Street View: 15
address: 45 Fleet Street
Advertisements for Charles John Eckford often contain the line “established 1792”. That may be true, but it was not at 45 Fleet Street that the Eckfords began their business. Charles’s name only appears at the Fleet Street address in the 1834 tax records. Before that he, and his father John, could be found in Water Lane (or Street), Bridewell. And before 1810, father John could be found in Crown Court, although not as early as 1792, but from 1804. In 1811, Charles was apprenticed to James Eckford of Walthamstow, also a carver and gilder. Judging by the name, there must have been a family link, but it is not specified what that link is.
When Charles’s brother, Henry George, was apprenticed to him in 1821, his address is given as Penton street, Pentonville. Father John and son Charles John must have worked in partnership for a few years in the 1820s, but on 4 December 1828, they dissolved their partnership with Charles John to continue the business on his own. The notice in The London Gazette about the partnership, describes them as carvers, gilders, and picture dealers. And it is this latter trade that got father John into trouble in 1824 with the custom officials.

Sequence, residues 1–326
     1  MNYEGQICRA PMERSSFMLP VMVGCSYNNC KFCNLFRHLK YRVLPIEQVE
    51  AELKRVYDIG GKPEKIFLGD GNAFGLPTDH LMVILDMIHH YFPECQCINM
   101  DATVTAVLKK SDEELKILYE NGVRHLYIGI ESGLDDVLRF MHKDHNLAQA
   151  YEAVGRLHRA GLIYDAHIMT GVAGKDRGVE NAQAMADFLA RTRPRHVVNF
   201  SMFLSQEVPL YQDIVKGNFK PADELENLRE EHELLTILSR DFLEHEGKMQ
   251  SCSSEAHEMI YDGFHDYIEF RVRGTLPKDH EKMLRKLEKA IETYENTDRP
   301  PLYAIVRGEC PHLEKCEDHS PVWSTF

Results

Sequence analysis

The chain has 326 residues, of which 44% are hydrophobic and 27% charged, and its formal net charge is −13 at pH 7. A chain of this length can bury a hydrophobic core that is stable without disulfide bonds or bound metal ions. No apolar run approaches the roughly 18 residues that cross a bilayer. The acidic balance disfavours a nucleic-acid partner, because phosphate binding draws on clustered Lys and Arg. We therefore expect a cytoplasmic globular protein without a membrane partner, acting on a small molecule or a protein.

According to a newspaper report, Eckford was accused of illegally importing some pictures. He had transported 146 picture frames from Antwerp, but had undervalued them in the import document and they were for that reason seized. The custom officials suspected Eckford of having removed the paintings that were in the frames and they raided his house and workshop. They seized 64 valuable paintings by Teniers and Van Dyke and claimed that they found marks on the frames that matched those on the paintings. The paintings were allegedly smuggled into the country separately to avoid custom duties. A former employee of Eckford, one Laming, confirmed that the paintings arrived at the workshop roughly at the same time as the frames were shipped over. They had been hidden in a case that contained human hair. The defence for Eckford disputed that the paintings had recently been brought into the country and called witnesses to testify that particular paintings had been in the country for months and in one case, even three years. Although eight pictures were sworn to in this manner, Eckford could not prove that he had paid the import duty and had to surrender most of the paintings.(1)